The contents of his uncle’s safe deposit box were arranged across Brian Vail’s desktop. He moved the monitor, keyboard, and mouse of his PC to one side to make room. He wouldn’t be using the computer because he already had. The notes, letters, drawings, and other minutia organized in front of him contained far more relevant information about his condition than the internet did.
The origin of the sight was shrouded in mystery, though his Uncle Ellis, the most recent possessor of this ability before Brian, thought it went back to the 12th or 13th century, an ancestor who lived in either Southern France or Spain. He’s nameless, but was thought to be a mystic, one who dared to seek out the literal face of God.
Whether he did this to himself or his master discovered his efforts at the forbidden and did it to him, around 900 years or so ago, he was the first, the first to be given the sight.
What happened to him is unknown, but he was obviously married and had at least one son. That was the beginning.
“It’ll take weeks for me to work through all of this, maybe months.”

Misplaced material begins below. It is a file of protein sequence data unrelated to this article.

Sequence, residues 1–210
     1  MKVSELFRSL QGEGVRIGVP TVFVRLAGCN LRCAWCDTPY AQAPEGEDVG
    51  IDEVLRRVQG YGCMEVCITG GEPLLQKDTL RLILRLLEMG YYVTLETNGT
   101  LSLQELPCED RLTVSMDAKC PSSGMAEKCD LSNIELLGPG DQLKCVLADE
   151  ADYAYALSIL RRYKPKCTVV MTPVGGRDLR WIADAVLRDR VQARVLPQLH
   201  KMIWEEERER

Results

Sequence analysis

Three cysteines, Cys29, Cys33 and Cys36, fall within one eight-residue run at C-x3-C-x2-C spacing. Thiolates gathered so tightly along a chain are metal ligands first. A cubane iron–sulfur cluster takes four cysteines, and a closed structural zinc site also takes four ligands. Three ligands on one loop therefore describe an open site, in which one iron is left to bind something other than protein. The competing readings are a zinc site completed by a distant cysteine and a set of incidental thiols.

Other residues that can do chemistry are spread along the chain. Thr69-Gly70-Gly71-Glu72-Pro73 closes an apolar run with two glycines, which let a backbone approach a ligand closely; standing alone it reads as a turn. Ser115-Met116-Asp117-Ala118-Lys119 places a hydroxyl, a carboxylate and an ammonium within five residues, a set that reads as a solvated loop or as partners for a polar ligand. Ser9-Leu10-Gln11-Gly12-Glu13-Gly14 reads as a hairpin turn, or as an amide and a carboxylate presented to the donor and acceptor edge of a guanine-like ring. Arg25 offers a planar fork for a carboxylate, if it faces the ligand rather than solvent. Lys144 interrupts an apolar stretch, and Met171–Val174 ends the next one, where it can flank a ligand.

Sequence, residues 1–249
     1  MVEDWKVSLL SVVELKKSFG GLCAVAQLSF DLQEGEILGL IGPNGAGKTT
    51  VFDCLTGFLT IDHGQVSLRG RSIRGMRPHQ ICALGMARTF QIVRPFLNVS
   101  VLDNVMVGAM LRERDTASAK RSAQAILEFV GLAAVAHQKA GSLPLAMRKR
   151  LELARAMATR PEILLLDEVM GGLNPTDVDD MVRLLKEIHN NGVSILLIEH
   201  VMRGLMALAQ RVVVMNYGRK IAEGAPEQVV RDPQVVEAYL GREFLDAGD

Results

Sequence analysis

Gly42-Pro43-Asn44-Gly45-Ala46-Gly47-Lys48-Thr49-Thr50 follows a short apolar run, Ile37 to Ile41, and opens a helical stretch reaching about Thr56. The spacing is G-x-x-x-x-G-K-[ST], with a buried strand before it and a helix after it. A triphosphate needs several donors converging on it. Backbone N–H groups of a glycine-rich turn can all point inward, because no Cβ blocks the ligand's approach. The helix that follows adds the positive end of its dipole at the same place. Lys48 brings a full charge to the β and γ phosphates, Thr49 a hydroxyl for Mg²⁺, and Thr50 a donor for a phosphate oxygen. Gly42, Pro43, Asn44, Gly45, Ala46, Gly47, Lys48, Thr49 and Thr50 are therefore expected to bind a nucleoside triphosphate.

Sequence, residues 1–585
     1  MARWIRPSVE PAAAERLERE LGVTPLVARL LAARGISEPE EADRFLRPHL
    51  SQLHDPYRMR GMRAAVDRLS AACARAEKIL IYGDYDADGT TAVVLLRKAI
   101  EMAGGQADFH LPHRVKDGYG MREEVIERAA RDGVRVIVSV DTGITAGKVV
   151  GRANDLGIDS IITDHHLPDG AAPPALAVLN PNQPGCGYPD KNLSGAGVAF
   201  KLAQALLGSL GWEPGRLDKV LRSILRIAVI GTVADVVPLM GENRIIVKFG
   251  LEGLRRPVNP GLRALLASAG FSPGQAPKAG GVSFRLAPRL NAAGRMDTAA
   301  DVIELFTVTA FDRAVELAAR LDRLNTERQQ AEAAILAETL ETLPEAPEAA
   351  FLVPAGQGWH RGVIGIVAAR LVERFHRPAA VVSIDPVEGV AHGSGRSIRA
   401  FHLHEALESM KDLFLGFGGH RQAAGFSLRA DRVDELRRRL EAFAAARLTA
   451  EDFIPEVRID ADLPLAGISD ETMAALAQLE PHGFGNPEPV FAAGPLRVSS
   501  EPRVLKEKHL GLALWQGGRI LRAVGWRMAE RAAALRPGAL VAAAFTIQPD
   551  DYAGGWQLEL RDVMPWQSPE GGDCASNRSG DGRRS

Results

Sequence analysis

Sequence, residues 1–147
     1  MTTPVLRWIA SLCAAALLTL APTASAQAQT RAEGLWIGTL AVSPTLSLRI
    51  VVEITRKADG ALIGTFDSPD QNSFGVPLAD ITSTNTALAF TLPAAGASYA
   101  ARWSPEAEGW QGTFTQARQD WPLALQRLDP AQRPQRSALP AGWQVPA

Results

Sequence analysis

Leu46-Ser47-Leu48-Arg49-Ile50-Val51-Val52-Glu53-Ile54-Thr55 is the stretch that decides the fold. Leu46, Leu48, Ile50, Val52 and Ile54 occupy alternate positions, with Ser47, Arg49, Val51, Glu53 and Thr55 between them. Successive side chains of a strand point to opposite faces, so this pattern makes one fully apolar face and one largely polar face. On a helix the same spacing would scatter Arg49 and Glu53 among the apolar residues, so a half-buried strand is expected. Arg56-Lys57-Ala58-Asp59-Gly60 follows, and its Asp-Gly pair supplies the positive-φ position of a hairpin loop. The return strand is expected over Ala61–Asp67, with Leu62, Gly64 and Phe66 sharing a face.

Brian was a best-selling author of mystery novels, so doing painstaking research wasn’t foreign to him. Doing painstaking research that had a direct bearing on his life, his future, and the damnable visions he kept experiencing was foreign to him. He wanted answers, and he wanted them now.
Brian did the math and as near as he could work it out, he was the thirtieth one to possess the sight. Thirty generations between the first and him.
It was the tenth who was the first to go blind, at least that’s what his journal said.
Juan de Palmyra, a merchant by trade, married and had two sons who both died in childhood. He would have a daughter and finally another son, one who lived to adulthood.
He received the sight upon the death of his father when Juan was twenty-seven. He said he believed it a sin to record the nature of his visions, but also said in his journal, through the hand of his wife, that they had finally driven him blind when he was just past fifty.
However, through he could not see the world around him, he could still perceive the unseen. The visions persisted throughout the rest of his life.
Brian heavily closed the translated tome of Juan de Palmyra. There was so much more material to go through, but this was the most troubling information he’d found so far.
Uncle Ellis’ notes said that out of the twenty-nine men who came before him, nine had gone completely blind. The reasons were uncertain, but perhaps there was a physical aspect to the sight after all. Maybe some of these men were susceptible to optic diseases, and the strain of the visions caused eventual blindness.
What a horrible thought, to not be able to see anything except what no one else could see.